Literally 2 minutes later another student handed me her working for the same question and asked if it was right, I looked and it was full of algebra. As I looked I had the trigonometry based solution in my head so starter to say “No” but then saw she had the right answer so said “Hang on, maybe”.
I read the question fully then looked at her working. She had recognised D as the y intercept of the equation so written (0,6) for that point then had found A by subbing y=0 in to get (3,0). Next she had used the fact that the product of two perpendicular gradients is -1 to work put the gradient of the line through P and A is 1/2.
She then used y = x/2 + c and point A (3,0) to calculate c to be -1/2, which she recognised as the Y intercept, hence finding 5he point P (0,-1.5) it then followed that the answer was 7.5.
A lovely neat solution I thought, and it got me thinking as to which way was more elegant, and if marks for style would be awarded differently. I also thought about which way I would do it.
I’m fairly sure that if I was looking at this for the first time I would have initially thought “Trigonometry”, then realised that I can essential bypass the trigonometry bit using similar triangles. As the axes are perpendicular and PAD is a right angle we can deduce that ODA = OAP and OPA = OAD. This gives us two similar triangles.
Using the equation as in both methods above we get the lengths OD = 6 and OA = 3. The length OD in triangle OAD corresponds to the OA in OAP, and OD on OAD corresponds to OP, this means that OP must be half of OA (as OA is half of OD) and is as such 1.5. Thus the length PD is 7.5.
This question had me intrigued, so i considered other avenues and came up with Pythagoras’s Theorem.
Obviously AD^2 = 6^2 + 3^2 = 45 (from the top triangle). Then AP^2 = 3^2 + x^2 (where x = OP). And PD = 6 + x so we get:
(6 + x)^2 = 45 + 9 + x^2
x^2 + 12x + 36 = 54 + x^2
12x = 18
x = 1.5
Leading to a final answer of 7.5 again.
Another nice solution. I don’t know which I like best, to be honest. When I looked at the rest of the class’s work it appears that Pythagoras’s Theorem was the method that was most popular, followed by trigonometry then similar triangles. No other student had used the perpendicular gradients method.
I thought it might be interesting to check the mark scheme:
All three methods were there (obviously the trig method was missed due to it being a non calculator paper). I wondered if the ordering of the mark scheme suggested the preference of the exam board, and which solution they find more elegant. I love all the solutions, and although I think similar triangles is the way I’d go at it if OD not seen it, I think I prefer the perpendicular gradients method.
Did you consider this? Which way would you do the question? Which way would your students? Do you tuink one is more elegant? Do you think that matters? I’d love to know, and you can tell me in the comments or via social media!
Cross-posted to Betterqs here.
This post was first published on the 3rd May 2016 here, on Labour Teachers.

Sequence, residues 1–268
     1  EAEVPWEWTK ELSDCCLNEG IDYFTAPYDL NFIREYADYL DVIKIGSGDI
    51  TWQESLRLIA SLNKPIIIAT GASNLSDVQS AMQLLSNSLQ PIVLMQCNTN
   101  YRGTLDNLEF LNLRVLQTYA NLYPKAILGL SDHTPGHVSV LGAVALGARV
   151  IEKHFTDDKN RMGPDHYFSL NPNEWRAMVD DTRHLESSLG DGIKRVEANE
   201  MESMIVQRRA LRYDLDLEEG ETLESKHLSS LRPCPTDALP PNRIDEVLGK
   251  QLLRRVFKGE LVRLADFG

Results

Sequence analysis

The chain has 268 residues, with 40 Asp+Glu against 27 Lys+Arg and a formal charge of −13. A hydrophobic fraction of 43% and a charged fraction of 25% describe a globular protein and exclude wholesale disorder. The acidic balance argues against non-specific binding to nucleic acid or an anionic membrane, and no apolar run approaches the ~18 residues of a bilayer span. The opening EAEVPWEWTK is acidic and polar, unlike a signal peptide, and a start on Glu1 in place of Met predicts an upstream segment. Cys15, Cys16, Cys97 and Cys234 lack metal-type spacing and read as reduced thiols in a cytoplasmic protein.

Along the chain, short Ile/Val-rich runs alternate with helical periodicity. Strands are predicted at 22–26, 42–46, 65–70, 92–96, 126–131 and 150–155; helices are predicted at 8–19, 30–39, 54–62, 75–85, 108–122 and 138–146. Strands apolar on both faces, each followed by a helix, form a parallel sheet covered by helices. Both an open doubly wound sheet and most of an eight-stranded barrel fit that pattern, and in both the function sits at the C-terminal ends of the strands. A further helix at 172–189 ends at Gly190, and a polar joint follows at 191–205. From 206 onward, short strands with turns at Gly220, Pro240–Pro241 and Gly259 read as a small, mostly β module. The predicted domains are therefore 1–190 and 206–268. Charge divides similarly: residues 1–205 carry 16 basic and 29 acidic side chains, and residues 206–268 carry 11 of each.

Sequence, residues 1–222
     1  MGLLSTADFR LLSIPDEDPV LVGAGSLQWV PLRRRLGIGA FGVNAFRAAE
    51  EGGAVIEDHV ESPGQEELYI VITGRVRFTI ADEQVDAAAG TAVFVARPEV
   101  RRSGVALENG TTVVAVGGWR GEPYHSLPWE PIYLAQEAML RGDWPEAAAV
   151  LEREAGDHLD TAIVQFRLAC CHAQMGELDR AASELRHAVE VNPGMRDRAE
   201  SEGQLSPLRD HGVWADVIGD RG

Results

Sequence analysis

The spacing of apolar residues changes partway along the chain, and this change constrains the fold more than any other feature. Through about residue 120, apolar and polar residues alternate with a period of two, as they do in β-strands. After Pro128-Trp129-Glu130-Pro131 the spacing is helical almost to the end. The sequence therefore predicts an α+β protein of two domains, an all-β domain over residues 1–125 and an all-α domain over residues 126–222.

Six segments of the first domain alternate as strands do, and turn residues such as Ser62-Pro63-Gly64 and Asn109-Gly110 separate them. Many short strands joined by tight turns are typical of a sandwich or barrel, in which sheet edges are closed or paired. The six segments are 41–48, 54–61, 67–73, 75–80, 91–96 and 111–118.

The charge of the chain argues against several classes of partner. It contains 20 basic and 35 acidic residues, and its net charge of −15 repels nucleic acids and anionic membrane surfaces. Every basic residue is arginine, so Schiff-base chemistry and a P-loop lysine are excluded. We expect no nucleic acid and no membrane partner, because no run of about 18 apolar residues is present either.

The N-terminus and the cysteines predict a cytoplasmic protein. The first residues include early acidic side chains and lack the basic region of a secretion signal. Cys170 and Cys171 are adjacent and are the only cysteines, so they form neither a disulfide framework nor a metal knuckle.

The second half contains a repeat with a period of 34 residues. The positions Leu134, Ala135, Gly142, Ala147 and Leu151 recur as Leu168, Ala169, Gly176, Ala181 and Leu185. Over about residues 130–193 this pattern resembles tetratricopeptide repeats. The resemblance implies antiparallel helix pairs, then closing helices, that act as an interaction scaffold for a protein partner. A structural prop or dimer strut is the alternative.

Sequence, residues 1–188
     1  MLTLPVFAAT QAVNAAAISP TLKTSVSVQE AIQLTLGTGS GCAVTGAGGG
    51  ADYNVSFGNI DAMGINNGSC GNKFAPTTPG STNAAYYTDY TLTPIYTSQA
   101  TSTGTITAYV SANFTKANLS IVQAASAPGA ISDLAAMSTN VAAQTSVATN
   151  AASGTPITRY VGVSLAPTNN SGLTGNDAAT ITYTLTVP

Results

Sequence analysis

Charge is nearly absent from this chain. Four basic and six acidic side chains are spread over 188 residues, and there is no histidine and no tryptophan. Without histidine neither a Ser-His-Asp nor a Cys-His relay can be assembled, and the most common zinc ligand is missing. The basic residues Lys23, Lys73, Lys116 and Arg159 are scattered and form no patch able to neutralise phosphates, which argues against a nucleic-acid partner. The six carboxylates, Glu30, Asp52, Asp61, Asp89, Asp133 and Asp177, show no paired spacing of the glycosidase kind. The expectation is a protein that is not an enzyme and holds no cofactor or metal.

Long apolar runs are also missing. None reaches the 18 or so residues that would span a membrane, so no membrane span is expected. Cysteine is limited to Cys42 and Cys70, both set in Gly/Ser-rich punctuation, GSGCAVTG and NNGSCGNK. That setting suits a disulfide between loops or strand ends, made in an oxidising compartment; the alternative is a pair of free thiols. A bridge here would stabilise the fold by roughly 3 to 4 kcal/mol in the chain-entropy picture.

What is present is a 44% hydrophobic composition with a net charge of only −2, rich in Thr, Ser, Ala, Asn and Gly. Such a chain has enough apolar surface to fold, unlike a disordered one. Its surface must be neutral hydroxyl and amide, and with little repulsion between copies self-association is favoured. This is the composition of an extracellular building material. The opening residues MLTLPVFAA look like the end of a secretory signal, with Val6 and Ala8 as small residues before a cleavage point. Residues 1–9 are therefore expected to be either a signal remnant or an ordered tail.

Sometimes it feels like the government’s main three priorities are examinations, examinations and examinations, and this fact has certainly led to many people involved in education to express their disagreement and disappointment with the system.
Most recently, a large number of people with children of a primary school age have chosen to keep their children off school in protest against the new SATs test their children will sit. This has caused me to spend some time thinking about this, and try to put together some views.
One of the leading criticism of these tests is that it drives schools to shrink their curriculum and focus heavily on the content which will be examined – meaning subjects like art, music, history etc get widely ignored and children miss out on an important part of their education. I can certainly find agreement with this, however I think this is already an issue with the SATs as they stood, so it doesn’t seem to warrant the furore of the new tests, which can only compound an already prevalent problem.
What are they for?
This is a key question, and I think that a different answer to it would lead to a different outcome. The tests as a marker for informing future teachers of a students ability are very helpful. The tear that SATs were boycotted we saw real problems with the grades reported by primary schools as there were massive inconsistencies from school to school. However, this argument alone seems to be silly, as what we see often is that students primed and drilled from the test from September to May achieve well, but then do no more maths from May to September and often regress. If this was to be the sole reason then surely they could be abolished totally and secondary schools could complete diagnostic tests on entry?
The other answer to this question is to measure school performance, and this is a real can of worms. It is this exact fact that leads to the exam factory conditions and the gaming the system and as such causes a load of problems. The other side of it is, however, that there needs to be some way of ensuring that schools are doing what we expect them to do. I don’t know what the answer is, but I tend to think high stakes testing is not the answer.
Is it just a problem with SATS?
No, all the issues outlined above are transferable to GCSE and A level exams. Again, I don’t have an answer, but I think that there must be a better way to treat 16 and 18 year olds than to make them sit high pressure, high stakes, examinations at a time of increased hormones knowing that if they go wrong that could seriously affect their life chances.
I don’t have the answers, but I do feel that there are answers and our job in opposition is to find them and present them to the public, showing that if they vote differently in 2020 we can give them a better way.